Trey Branham attended Florida State University, where he earned his B.S. in Political Science back in 1992. From there, he attended the University of South Carolina Law School where he graduated with his J.D. in 1999. He also graduated cum laude. He served as the Associate Articles Editor for the South Carolina Law Review during the same period of time.
Trey Branham was the first member of his family to ever graduate from college. Much of this is the result of the example set by his stepfather, who taught Trey the power of pulling yourself up by your bootstraps and of living life without regret. Hard work. Sacrifice. Commitment. These are qualities that were instilled in him at a very young age and they are ones that have served him well up to this point.
After spending some time with a larger law firm, Trey Branham knew that he wanted to do something different. He didn’t want to represent corporate interests – quite the opposite. He knew the struggles that people were facing. The difficulties that were being experienced by the people who lived and worked in the same communities that he did. He wanted to focus his energy on representing people with real, life-altering problems – a goal that he and the rest of the team at Dean Omar Branham Shirley are singularly dedicated to.
All told, Trey Branham is passionate about giving his clients a voice no matter what. Branham and the rest of the team at Dean Omar Branham Shirley are dedicated to fight for the most favorable outcome possible. They want to amplify the voice of their clients as much as possible in a way that guarantees it is heard by their peers. They want to do their part to create a better world for their children – in Trey Branham’s case, his son. Every day, he is grateful for the opportunity to represent his clients and that is one ideal he will never stop striving for.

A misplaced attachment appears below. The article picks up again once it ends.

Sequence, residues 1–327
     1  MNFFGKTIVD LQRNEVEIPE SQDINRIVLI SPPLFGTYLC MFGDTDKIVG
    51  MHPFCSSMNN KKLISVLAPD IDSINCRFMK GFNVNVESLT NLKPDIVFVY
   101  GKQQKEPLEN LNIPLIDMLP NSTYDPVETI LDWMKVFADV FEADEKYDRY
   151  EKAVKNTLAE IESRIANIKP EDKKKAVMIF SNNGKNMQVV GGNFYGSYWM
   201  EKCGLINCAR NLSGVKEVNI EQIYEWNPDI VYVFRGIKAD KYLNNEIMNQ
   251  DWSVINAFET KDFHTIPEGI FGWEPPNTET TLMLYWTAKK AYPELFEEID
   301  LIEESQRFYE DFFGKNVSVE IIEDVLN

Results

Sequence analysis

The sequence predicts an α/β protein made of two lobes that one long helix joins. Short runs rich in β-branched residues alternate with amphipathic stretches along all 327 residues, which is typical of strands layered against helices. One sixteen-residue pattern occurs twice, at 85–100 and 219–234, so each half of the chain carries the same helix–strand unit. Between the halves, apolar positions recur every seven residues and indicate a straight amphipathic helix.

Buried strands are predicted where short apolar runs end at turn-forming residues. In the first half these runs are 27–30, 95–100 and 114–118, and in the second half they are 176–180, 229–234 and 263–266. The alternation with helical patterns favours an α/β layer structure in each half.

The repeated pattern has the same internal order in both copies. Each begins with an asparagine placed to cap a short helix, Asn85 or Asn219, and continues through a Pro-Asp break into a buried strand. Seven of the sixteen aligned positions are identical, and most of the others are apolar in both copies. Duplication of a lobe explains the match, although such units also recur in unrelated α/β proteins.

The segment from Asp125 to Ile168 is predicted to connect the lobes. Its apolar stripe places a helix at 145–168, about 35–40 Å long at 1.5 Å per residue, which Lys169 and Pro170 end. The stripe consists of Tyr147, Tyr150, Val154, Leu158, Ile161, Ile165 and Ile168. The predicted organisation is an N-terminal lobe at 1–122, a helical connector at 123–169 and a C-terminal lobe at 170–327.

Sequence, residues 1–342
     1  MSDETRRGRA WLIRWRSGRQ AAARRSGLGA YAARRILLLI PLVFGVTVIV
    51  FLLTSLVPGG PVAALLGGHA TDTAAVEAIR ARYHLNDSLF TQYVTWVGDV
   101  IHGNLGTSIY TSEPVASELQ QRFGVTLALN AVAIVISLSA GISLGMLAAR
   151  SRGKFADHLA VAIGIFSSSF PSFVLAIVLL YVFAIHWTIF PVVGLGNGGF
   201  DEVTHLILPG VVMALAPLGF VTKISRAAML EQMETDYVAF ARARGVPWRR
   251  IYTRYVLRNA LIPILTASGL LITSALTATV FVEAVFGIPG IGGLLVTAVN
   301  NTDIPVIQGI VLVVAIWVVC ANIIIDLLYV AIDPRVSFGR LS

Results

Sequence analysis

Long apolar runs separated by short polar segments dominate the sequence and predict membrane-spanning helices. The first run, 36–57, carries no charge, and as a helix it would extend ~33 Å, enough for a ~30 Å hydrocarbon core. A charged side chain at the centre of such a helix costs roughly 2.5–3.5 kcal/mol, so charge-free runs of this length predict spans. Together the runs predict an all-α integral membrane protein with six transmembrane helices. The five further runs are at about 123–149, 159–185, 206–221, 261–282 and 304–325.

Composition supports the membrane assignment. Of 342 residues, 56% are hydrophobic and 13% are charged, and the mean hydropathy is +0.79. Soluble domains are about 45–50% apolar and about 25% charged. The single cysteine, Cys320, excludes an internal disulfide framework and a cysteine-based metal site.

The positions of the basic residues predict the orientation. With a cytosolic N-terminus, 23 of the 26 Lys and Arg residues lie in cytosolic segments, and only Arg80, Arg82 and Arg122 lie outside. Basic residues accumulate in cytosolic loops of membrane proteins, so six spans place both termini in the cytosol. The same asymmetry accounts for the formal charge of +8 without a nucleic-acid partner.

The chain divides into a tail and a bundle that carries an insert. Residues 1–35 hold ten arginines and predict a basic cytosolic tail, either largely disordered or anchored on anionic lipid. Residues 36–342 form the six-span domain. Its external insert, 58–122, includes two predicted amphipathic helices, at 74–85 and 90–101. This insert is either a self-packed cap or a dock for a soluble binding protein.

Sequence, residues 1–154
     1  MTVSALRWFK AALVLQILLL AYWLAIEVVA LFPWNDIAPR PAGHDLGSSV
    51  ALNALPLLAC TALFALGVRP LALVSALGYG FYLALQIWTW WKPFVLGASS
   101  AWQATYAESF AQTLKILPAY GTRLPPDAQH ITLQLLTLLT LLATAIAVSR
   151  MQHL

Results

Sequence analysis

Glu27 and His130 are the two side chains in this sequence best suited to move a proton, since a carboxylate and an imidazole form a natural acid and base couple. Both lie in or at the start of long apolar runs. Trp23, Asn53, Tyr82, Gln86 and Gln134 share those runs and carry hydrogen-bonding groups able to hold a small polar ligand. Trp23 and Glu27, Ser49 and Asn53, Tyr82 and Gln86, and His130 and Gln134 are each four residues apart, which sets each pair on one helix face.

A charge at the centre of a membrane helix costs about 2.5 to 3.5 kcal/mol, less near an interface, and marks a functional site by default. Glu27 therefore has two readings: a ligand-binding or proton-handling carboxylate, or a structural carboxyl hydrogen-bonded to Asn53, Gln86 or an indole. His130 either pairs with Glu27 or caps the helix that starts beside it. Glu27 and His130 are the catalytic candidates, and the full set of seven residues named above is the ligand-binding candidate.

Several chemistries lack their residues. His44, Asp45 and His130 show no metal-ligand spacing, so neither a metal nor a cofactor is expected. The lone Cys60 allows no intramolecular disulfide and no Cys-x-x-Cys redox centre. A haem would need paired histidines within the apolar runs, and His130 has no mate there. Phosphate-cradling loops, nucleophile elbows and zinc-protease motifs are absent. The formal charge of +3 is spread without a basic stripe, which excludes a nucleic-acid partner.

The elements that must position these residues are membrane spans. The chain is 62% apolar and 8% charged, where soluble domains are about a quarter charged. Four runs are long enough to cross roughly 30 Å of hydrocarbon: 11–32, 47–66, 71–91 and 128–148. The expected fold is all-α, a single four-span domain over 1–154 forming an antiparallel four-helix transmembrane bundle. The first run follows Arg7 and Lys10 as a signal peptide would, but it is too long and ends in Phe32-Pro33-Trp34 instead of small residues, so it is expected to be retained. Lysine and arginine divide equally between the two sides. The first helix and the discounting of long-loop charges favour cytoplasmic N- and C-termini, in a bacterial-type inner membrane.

Where did the idea for your career come from?
Our practice is a common one in the law. We focus on helping people who are seriously hurt in the worst moments of their lives and try and give them the best representation we can against some of the world’s largest companies. The secret to our success is no real secret at all. We work hard, every day, to make sure our clients’ voices are heard.
What does your typical day look like and how do you make it productive?
My day usually starts early, 6am is a usual start. The hours before 9am and after 5pm are usually the most productive time for thoughtful lawyering. If we are in trial, the day never really stops. 3-4 hours of sleep a night is the norm. If we are not the day is filled with internal strategy discussions, brief writing, calls with opposing counsel, calls with clients and the administrative burdens of running a 60 person law firm. We are fortunate to have an amazing support staff who makes it all go.
How do you bring ideas to life?
Collaboration. Collectively we have hundreds of years of legal experience in the firm. Everyone brings something unique to the table and we all learn from each other. It is this collaboration that makes it possible for us to tell our clients’ stories in the most vivid and lifelike ways possible.
What’s one trend that excites you?